|To mark Labour’s fifth year in power we’ve launched a poll so you can choose, out of what we think are the top five epic fails, the worst.
What do you think? Vote here.
Cost of living crisis - inflation is currently running at 7.2%, far higher than economists predicted. Everything, across the board, costs more.
Health - since Labour removed targets, the national average of patients waiting longer than six hours in emergency departments has gone from fewer than 1 in 10 when National left government, to 1 in 4 under Labour.
Education - two-thirds of Year 10 students have failed basic numeracy and literacy standards and 100,000 students were chronically absent in Term One.
Housing - Labour promised 10,000 KiwiBuild houses, and five years on they’ve only built 1.4% of that. Meanwhile, the state house waitlist has increased by more than 20,000 under Labour’s watch.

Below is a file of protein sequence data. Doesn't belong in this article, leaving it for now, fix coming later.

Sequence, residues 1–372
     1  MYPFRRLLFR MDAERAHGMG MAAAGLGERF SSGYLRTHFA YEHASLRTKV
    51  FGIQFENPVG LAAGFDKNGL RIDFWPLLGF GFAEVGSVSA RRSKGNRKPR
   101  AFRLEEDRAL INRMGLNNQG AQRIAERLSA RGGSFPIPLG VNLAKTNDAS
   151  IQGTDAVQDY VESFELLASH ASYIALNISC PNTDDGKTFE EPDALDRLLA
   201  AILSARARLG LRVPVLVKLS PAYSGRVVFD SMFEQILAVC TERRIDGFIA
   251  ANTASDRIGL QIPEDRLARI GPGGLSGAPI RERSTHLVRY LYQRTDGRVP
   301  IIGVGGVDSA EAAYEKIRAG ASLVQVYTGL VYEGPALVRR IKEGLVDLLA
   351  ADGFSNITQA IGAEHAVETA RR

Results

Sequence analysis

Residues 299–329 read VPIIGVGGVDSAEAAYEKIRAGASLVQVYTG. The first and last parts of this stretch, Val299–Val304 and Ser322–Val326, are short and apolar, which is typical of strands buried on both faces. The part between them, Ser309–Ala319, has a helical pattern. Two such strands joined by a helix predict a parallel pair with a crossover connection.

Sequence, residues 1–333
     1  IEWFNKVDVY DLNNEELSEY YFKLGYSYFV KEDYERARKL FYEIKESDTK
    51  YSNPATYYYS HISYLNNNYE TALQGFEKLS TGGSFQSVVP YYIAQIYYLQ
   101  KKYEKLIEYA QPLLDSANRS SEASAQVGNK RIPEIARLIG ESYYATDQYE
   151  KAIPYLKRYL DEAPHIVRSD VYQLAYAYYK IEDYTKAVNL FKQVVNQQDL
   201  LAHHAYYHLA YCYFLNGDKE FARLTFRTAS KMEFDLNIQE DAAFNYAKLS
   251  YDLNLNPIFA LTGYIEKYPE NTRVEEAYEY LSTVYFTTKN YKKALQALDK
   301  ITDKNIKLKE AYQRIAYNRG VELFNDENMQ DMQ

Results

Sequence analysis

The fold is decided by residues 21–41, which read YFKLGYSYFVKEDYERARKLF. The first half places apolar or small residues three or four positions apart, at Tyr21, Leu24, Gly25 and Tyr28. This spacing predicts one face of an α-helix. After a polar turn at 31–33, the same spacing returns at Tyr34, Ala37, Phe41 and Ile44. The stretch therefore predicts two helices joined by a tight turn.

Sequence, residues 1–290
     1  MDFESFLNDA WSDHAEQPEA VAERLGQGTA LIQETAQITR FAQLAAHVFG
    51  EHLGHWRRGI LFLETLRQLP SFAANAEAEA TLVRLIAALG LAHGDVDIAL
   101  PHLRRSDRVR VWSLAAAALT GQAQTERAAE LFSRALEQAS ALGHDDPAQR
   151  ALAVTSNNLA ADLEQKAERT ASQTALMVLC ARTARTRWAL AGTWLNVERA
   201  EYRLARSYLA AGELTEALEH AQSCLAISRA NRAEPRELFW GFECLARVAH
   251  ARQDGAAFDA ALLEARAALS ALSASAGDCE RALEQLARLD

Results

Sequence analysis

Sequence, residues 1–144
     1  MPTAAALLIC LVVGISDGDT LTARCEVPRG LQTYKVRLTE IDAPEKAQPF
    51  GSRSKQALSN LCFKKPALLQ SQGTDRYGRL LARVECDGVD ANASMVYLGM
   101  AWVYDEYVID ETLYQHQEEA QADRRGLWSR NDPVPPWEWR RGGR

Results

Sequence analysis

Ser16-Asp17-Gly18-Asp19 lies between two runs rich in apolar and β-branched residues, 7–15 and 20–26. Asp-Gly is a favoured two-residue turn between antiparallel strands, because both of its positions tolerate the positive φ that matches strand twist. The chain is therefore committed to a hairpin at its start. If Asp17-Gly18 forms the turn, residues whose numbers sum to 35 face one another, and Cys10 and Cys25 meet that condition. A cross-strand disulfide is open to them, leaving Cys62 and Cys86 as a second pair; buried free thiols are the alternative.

Crime – ram-raids are up 518% since 2018 and there are more than 8000 gang members in New Zealand, a 50 per cent increase since Labour came to power in 2017.
Paying the price
As taxpayers, we now have a government that is spending $1 billion more every week, than it did in 2017. A government that is also collecting $33 billion more in tax every year.
The numbers involved are mind-boggling and often too big for people to comprehend as prices rise twice as fast as wages.
Numbers, like this random sample:
- Rents have increased on average, by $140 per week ($7280 a year), while weekly mortgage payments are now $300 higher ($15,600 a year);
- A 20% deposit on an average home is up $60,000 to $160,000;
- Spending $586 million to restructure our health system during a pandemic, plus $168 million for a separate Māori Health Authority;
- $35 million subsidising people to buy electric vehicles;
- $24 million on Kainga Ora office renovations;
- $2.75 million for the Mongrel Mob to run a meth rehab programme;
- $51 million on a cancelled Auckland cycle bridge, including $500,000 on an empty waterfront office.